United States District Court, D. Colorado
D. Domenico United States District Judge.
a case of alleged race and sex employment discrimination in
violation of Title VII of the Civil Rights Act of 1964.
Following a period of poor profit figures at the television,
furniture, and appliances store Plaintiff oversaw, Defendant
demoted her from General Manager to Manager Trainee-an act
Plaintiff views as motivated by her race and gender. Before
the Court is Defendant's motion for summary judgment on
both claims. (Motion, Doc. 38; Response, Doc. 44; Reply, Doc.
46.) The Court GRANTS the Motion.
UNDISPUTED MATERIAL FACTS 
Inc. owns and operates businesses specializing in a variety
of products-including televisions, furniture, and appliances.
Its franchisees offer affordable payment options to
credit-constrained and under-banked customers through a
process known as “rent-to-own.” Defendant Green
River is a franchisee of Aaron's in the Denver, Colorado
area owned by Ford Bohannon and Steve Johnson, originally
with ten locations. Each store was leanly staffed and run by
a General Manager (GM) who was assisted by a Customer
Services Manager (CSM) and Sales Manager (SM). Most stores
also employed a Manager Trainee (MT). Mr. Johnson, as
Regional Manager, and Ian Plummer, as Regional Accounts
Manager, oversaw aspects of all locations, including the GMs.
Mr. Bohannon generally remained at home in Georgia and relied
on Mr. Plummer and Mr. Johnson to ensure no discrimination
took place in the stores. Green River claims to be an equal
opportunity employer that does not discriminate based on sex
River hired Plaintiff Mhariel Summers on August 23, 2013 as
an MT at one of its stores. She is an African-American,
lesbian female and considers herself to have an
unconventionally masculine, “less feminine”
appearance. At times, customers would mistake her for a man,
and she would generally not correct them. Ms. Summers was
paid $11.50 per hour and worked forty-five hours per week.
Only weeks after starting, she applied for a promotion to GM.
Mr. Johnson, who initially interviewed her for the MT
position, promoted her to GM of a different store and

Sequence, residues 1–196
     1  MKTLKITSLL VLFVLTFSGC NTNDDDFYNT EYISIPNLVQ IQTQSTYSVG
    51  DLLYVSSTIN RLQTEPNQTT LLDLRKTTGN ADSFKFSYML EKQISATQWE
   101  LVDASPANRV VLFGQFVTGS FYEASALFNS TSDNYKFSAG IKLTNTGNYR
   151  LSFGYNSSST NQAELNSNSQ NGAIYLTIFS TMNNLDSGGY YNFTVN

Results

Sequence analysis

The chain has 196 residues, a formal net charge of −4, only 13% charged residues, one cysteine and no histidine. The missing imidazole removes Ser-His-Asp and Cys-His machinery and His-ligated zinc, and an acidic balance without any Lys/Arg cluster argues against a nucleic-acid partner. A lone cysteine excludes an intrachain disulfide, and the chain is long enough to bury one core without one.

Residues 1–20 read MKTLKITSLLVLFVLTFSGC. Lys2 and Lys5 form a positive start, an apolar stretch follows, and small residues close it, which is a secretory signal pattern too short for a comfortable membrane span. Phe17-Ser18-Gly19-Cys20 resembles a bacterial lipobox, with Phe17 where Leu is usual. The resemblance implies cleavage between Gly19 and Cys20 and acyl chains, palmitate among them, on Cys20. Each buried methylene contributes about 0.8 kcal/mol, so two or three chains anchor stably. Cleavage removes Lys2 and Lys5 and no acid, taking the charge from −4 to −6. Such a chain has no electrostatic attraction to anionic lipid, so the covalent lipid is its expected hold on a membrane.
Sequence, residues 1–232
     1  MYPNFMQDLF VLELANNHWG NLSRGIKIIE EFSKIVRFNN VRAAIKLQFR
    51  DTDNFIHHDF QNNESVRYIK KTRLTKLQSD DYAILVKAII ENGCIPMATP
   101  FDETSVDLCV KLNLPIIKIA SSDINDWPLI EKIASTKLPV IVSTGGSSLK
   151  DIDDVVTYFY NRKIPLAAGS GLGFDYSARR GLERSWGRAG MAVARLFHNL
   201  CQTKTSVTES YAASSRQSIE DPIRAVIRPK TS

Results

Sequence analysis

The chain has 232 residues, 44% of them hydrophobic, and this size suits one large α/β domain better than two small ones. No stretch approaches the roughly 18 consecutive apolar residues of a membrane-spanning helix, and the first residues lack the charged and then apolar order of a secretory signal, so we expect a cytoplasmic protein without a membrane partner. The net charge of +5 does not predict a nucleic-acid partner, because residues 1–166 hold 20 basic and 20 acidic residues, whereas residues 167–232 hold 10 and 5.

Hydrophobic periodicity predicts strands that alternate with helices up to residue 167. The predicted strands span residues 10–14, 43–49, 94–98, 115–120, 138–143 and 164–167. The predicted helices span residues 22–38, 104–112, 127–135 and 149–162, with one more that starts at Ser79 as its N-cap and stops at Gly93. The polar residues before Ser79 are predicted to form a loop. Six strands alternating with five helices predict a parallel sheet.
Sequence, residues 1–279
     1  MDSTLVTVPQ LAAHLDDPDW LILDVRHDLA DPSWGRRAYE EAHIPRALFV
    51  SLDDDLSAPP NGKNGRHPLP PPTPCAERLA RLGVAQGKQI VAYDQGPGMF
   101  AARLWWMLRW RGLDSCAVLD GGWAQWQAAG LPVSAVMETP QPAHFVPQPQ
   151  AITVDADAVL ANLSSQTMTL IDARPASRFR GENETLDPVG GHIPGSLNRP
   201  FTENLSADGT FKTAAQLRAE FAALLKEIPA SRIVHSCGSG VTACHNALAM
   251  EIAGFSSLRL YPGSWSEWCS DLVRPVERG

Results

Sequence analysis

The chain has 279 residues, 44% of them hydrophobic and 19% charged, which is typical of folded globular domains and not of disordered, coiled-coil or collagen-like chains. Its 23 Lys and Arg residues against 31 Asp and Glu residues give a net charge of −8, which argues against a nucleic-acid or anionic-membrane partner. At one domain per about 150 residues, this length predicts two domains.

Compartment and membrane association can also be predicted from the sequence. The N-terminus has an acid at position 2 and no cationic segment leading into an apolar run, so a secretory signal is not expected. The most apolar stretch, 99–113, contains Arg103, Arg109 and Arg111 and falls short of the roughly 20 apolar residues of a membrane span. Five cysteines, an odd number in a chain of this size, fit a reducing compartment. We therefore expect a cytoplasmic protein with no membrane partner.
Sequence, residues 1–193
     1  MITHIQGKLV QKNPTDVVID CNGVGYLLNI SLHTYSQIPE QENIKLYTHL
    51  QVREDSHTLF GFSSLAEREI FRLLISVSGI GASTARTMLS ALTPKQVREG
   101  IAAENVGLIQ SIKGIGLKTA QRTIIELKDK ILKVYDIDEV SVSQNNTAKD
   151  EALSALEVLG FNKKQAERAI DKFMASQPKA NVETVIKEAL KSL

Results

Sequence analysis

increased her salary to approximately $45, 000 annually.
Green River then flew her to Atlanta for three days of
training at Aaron's corporate office and paid all her
related expenses for the trip. As GM, Ms. Summers felt the
historical performance of the store she oversaw was
“not bad, ” but there were areas for improvement:
It was smaller than other Green River stores and had been
historically difficult to grow. She also felt positive about
working under Mr. Johnson. According to her, he was
instructive, approachable, direct, patient, and “always
seemed to have [her] best interest in mind.” Jeff
Sayers, another GM, reports that she was well-liked and known
Green River, pre-tax profit was a very important driving
metric and a focus for both Messrs. Bohannon and
Johnson. In 2014, while Ms. Summers was a GM, Green
River sold five of its ten stores, and two of the remaining
stores were new (having opened in May 2013 and March
2014)-meaning that they were not expected to be making a
profit. Moreover, Green River allocates its corporate
expenses, such as salaries for regional employees and general
accounting and legal fees, across all stores. These
circumstances made it important to Green River that existing
stores generate profit to offset expected losses. After the
sale, the race and gender makeup of the remaining five GMs
was Hispanic female; white male; white male; African-American
female (Ms. Summers); and white female.
financial figures at Ms. Summers's store were initially
healthy. In the first half of 2014, it made $94, 813 in
pre-tax profit. She received a $7, 000 bonus in May or June
of 2014, and Green River increased her salary from $45, 000
to $62, 000. But in the second half of the year, the store
made only $12, 264, a decline of 87% (and a 76% drop from the
$50, 600 pre-tax profit it earned during the same six-month
period the year before). She also had losses of $8, 652 in
October 2014 and $1, 465 in December 2014. Seeking potential
causes, Mr. Bohannon found there had been a steep increase in
charge-offs (or write-offs for bad debt) in Q4 of 2014 at Ms.
Summers's store. On October 15, 2014, Mr. Plummer issued
her a “Written Counseling” identifying concerns
about her not calling customers who were late on their
payments. In September and December 2014, the store was
short-staffed after Ms. Summers fired several employees. In